Back to the future
IT’S 2020 and Greater Edinburgh, the new culture and business capital of northern Europe, is basking in the glow of prolonged economic success.
Along Princes Street, architectural gems fit for a world heritage site provide space for the leading names of global retailing. Trains disgorge commuters from the Borders and other far-flung outposts of the city-region at the newly revamped Waverley transport hub. Trams and state-of-the-art buses glide along decongested streets - both the concrete result of the road charging scheme introduced more than a decade earlier.
Even the people have changed. There are more Slavic, African and Indian faces after a huge response to the First Minister’s call for immigrants to be made welcome in the face of dire labour shortages. New businesses are springing up everywhere as a clear symbol of renewed entrepreneurial zeal. A new census puts the greater Edinburgh population at over one million for the first time.
Up in the City Chambers, councillors from both Edinburgh and Glasgow are round a table discussing the joint plans to host the European football championships. Next week, a delegation will arrive from Newcastle to discuss a north-of-Britain bid for the Olympic Games.
Down on the Leith waterfront, foundations are being laid for the new global headquarters of the World Environment Organisation, the new UN body that will bring at least 2,000 highly-paid civil service jobs to the city. A large American bank has just announced plans to move 400 of its key staff from Paris to the city’s booming financial services quarter. New home builders are scenting the heady atmosphere and preparing to scrap hard for the few remaining gap sites to construct high quality city homes for the incoming pay packets.
But consider an alternative vision.
Discount stores move onto one of Europe’s most famous streets as big-name retailers relocate out of the congested city centre. The road tolls plan has come to nothing and major public transport projects have simply failed to materialise.
The population is ageing as young people once more seek escape from a demoralised Scottish capital.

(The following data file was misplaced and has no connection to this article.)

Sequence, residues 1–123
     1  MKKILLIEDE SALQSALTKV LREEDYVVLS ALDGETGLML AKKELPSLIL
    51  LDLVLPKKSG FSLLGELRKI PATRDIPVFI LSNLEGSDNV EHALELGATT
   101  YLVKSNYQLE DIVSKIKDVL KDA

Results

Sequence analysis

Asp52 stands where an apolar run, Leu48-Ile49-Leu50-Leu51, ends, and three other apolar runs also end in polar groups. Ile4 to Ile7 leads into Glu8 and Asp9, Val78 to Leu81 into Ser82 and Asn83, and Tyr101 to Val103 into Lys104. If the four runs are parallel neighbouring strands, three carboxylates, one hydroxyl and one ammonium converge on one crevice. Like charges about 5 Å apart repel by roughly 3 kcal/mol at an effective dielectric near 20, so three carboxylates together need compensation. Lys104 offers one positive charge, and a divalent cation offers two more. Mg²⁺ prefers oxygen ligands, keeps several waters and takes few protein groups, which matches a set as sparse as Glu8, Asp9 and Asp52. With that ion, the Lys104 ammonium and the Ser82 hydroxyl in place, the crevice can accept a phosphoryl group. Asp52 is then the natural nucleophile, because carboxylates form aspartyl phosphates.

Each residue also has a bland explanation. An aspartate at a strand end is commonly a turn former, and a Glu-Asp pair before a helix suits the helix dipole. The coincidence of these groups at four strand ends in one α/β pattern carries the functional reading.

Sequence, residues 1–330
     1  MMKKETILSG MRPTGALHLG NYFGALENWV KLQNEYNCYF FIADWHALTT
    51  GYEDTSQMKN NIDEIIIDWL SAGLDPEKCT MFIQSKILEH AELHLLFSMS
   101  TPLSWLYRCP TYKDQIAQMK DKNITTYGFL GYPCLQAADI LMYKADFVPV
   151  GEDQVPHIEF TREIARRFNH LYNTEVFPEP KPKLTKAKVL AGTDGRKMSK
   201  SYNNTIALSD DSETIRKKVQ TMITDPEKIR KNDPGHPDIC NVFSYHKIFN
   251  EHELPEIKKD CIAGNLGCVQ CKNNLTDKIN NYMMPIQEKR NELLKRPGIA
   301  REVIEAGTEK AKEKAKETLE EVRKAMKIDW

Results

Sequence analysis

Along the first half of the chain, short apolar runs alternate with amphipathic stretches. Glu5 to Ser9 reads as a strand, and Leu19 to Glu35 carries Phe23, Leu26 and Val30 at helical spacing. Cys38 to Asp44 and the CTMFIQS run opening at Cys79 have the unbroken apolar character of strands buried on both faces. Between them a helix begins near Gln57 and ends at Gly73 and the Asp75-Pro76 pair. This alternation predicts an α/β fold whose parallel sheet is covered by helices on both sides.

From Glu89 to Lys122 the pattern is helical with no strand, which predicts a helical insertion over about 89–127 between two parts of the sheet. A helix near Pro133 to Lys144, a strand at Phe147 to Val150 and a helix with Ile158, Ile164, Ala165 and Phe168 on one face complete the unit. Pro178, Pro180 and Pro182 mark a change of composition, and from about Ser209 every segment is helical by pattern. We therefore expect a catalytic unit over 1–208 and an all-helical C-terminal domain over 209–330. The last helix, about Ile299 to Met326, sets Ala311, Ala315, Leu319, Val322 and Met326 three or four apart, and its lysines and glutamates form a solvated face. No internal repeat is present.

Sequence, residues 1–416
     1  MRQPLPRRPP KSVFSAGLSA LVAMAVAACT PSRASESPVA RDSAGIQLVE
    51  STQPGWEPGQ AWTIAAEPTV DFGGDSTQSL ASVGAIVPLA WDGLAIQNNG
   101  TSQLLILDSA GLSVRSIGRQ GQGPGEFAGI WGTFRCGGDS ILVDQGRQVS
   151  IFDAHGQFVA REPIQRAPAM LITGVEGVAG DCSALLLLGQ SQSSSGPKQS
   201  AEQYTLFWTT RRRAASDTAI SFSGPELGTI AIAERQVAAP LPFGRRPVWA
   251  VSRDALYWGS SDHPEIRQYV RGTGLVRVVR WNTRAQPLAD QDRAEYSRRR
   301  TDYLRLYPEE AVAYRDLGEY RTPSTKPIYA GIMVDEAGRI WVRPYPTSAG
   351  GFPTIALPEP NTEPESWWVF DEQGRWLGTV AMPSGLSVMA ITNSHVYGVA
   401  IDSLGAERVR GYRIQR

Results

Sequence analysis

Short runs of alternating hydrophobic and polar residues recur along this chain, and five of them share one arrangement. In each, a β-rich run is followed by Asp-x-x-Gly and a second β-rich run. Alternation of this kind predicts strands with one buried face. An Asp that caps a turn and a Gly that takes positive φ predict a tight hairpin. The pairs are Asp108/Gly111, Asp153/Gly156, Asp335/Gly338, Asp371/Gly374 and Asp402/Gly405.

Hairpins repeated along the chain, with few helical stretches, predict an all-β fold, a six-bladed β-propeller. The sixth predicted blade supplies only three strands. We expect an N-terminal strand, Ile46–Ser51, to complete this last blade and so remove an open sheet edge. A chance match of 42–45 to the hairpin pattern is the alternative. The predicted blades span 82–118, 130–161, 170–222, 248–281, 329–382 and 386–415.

City leaders squabble with Glasgow for desperately needed public cash and the World Environment Organisation decided to turn down Edinburgh for the vibrant new twin-city hub building up around Milan and Turin. The American bank moves its operation to northern Italy after failing to attract the top calibre of staff to Edinburgh.
These two visions of Edinburgh could not be more different, but the city’s leaders will be warned next month that decades of prosperity are within their grasp - as long as they do not fumble the opportunities that lie ahead. This is why Edinburgh City Council has spent 75,000 in an attempt to predict the future, inviting experts to gaze into their crystal balls and tell them how to create utopia and avoid a dystopia.
The result will have consequences far beyond the city itself. The rebirth of Edinburgh as a major financial, commercial and retail centre has been the driving force of the Scottish economy for the last five years, reflected in soaring house prices that have spread far and wide and virtually full employment. That the city has arrived on the global radar was proved last month by the presence of the MTV music awards.
"There is no doubt that Edinburgh has done very well as a city but certain things need to happen if it is going to progress on to the next stage," said Andrew Holmes, the council’s director of economic development. "What we wanted to know is what do we need to do to make sure that Edinburgh and the region around it truly becomes an economic powerhouse that can compete on a global scale. We believe the benefits will filter throughout the central belt and beyond. We wanted to know what a greater Edinburgh would look like and, equally importantly, what it could also look like if we got it wrong."
Holmes has the luxury of working from a position of strength. Edinburgh has been on a roll for most of the past decade and its average level of personal disposable income is nearly 30% above the national norm.
Quality of life surveys regularly find it the most desirable city in Britain. The population is at its highest level since 1980 and is continuing to grow. House prices rose in value by an average of 25% last year, sending the feel-good factor among residents spiralling upwards.
Thousands more jobs have been created amid an unprecedented 2bn building boom of which the new parliament taking shape at Holyrood is just a small part. Around 400m is going into creating a new financial district, 500m into a business park close to the bypass. Up to 100m is earmarked for new development along Edinburgh’s newly discovered waterfront. The Royal Bank of Scotland’s new global headquarters, another 100m of investment, is taking shape close to the airport. It is the country’s leading centre for fast-growing computer software companies and Europe’s sixth-largest fund management centre.
Sales of luxury goods and services are soaring with some of the biggest and classiest names in retailing clamouring to get in to city centre retail developments. Louis Vuitton and now Giorgio Armani have joined Harvey Nichols on The Walk, the new upmarket arcade billed as the Bond Street of the north.
New restaurants are opening at the rate of two a month. Last week brought the debut of Prestonfield House, a new fine-dining destination in a 17th-century mansion just five minutes from the city centre. Owner James Thomson
feels able to charge a minimum 195 per night for the hotel’s 28 rooms and expects to fill them on a regular basis. "Edinburgh is certainly going through a boom time and is now a major player on the world stage," Thomson said.